Worksheets->CMOS logic gates, Q23 answer fine point

Discussion in 'Feedback and Suggestions' started by RWatkins, Aug 11, 2012.

  1. RWatkins

    Thread Starter New Member

    Aug 11, 2012
    1 on Sat Aug 11, 2012, Question 23 answer missed one key point about the CMOS transistors shown in the schematic. Not only does the bilateral conduction characteristic solve the problem, but also the intrinsic diode (and for well designed devices, avalanche diode) present between the source and drain of each of the output MOSFETs. This is because the connection of the substrate to the source for the NFET also provides a direct path through its intrinsic D-S diode to VSS for the flyback current present when the relay coil was no longer energized by current through the PFET. This is the case even if power is lost to VDD with the input switch tied to ground. Understanding this feature allows some comfort level regarding circuit failure on loss of power in unknown load conditions.
  2. Georacer


    Nov 25, 2009
    Thank you for your observation.

    Can one quantify this effect? Can we be sure that the intrinsic diodes of the FET will withstand the currents forced trough them?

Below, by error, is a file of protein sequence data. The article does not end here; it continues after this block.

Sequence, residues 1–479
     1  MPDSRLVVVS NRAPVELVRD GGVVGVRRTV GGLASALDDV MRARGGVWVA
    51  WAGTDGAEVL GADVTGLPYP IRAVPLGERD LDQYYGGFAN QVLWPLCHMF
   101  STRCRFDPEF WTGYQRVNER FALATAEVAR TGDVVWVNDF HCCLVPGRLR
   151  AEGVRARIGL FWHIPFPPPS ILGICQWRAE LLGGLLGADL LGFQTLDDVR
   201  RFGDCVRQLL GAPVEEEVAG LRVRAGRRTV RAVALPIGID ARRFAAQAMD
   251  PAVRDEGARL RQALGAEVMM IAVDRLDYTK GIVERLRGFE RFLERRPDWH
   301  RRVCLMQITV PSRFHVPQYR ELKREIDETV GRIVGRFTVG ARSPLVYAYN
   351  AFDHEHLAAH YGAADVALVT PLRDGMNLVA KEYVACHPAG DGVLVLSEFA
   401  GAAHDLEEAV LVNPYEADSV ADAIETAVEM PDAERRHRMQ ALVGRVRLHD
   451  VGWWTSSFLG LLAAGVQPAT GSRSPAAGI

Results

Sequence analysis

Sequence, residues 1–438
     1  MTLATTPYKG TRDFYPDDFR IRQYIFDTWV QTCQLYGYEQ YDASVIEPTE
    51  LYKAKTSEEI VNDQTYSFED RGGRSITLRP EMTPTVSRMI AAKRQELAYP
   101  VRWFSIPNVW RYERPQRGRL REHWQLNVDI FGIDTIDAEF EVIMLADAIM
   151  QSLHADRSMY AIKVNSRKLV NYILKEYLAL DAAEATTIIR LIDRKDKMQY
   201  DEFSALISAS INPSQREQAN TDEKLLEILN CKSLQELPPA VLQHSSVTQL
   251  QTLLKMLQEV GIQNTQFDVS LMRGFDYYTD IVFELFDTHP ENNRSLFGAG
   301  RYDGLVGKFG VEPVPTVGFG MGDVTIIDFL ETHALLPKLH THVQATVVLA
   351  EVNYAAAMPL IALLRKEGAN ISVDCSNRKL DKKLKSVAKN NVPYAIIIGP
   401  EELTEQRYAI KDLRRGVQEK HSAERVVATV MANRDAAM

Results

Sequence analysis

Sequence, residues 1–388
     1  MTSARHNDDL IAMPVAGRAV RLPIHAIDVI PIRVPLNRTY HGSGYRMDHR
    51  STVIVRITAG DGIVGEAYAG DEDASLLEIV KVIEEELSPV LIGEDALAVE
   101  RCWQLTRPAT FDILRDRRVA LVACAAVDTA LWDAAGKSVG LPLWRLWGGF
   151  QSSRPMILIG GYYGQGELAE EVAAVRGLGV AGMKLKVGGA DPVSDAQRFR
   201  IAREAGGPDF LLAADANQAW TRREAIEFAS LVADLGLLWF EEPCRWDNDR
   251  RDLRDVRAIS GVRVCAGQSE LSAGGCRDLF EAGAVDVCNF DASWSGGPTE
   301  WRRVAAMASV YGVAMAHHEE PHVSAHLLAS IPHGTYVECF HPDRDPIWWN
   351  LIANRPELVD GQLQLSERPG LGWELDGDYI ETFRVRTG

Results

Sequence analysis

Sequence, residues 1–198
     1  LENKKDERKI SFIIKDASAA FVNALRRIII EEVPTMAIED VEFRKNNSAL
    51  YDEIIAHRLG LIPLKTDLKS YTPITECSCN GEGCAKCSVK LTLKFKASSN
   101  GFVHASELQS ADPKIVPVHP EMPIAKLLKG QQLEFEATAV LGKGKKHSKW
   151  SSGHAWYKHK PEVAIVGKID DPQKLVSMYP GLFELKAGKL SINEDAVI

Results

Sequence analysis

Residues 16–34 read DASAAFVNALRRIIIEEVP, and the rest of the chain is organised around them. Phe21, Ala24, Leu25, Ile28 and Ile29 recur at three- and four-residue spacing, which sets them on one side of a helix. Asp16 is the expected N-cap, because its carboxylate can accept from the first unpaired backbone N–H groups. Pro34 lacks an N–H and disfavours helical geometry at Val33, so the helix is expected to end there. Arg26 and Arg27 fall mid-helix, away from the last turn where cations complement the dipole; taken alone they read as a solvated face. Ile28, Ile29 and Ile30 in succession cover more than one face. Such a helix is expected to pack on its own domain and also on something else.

In any case, it is best that an answer is given within the context that is examined, and in this case, it is the binary state of the gate.
    Let's not mess with the minds of the students.
  3. RWatkins

    Thread Starter New Member

    Aug 11, 2012
    IRT Georacer,

    Indeed I can quantify this, in that the intrinsic diode for a MOSFET as listed in the data sheets, will always be rated for short-term current at a current at least the rating of the MOSFET's long-term current rating. As such, for the worksheet schematic, one can never damage the MOSFET or its intrinsic diode if power is removed. Further, this is likely to become important to any student who might consider energizing a relay or solenoid from a logic-sytle totem-pole MOSFET output, since with only a half-bridge drive (eg. totem pole output to one side of a grounded or VCC inductive device) one cannot get the energy out of the inductor quickly merely by "shutting it off". This can result in delays of many milliseconds to several seconds prior to achieving the de-energized state of the relay or solenoid, and can have disasterous consequences for such a use.
    IF one were to design a logic device with a very small well contact, I am sure that my statement could be proven wrong. However, the intrinsic diode is also used for ESD protection on real output transistors, so this would be cutting off one's nose to spite one's face.
    Georacer likes this.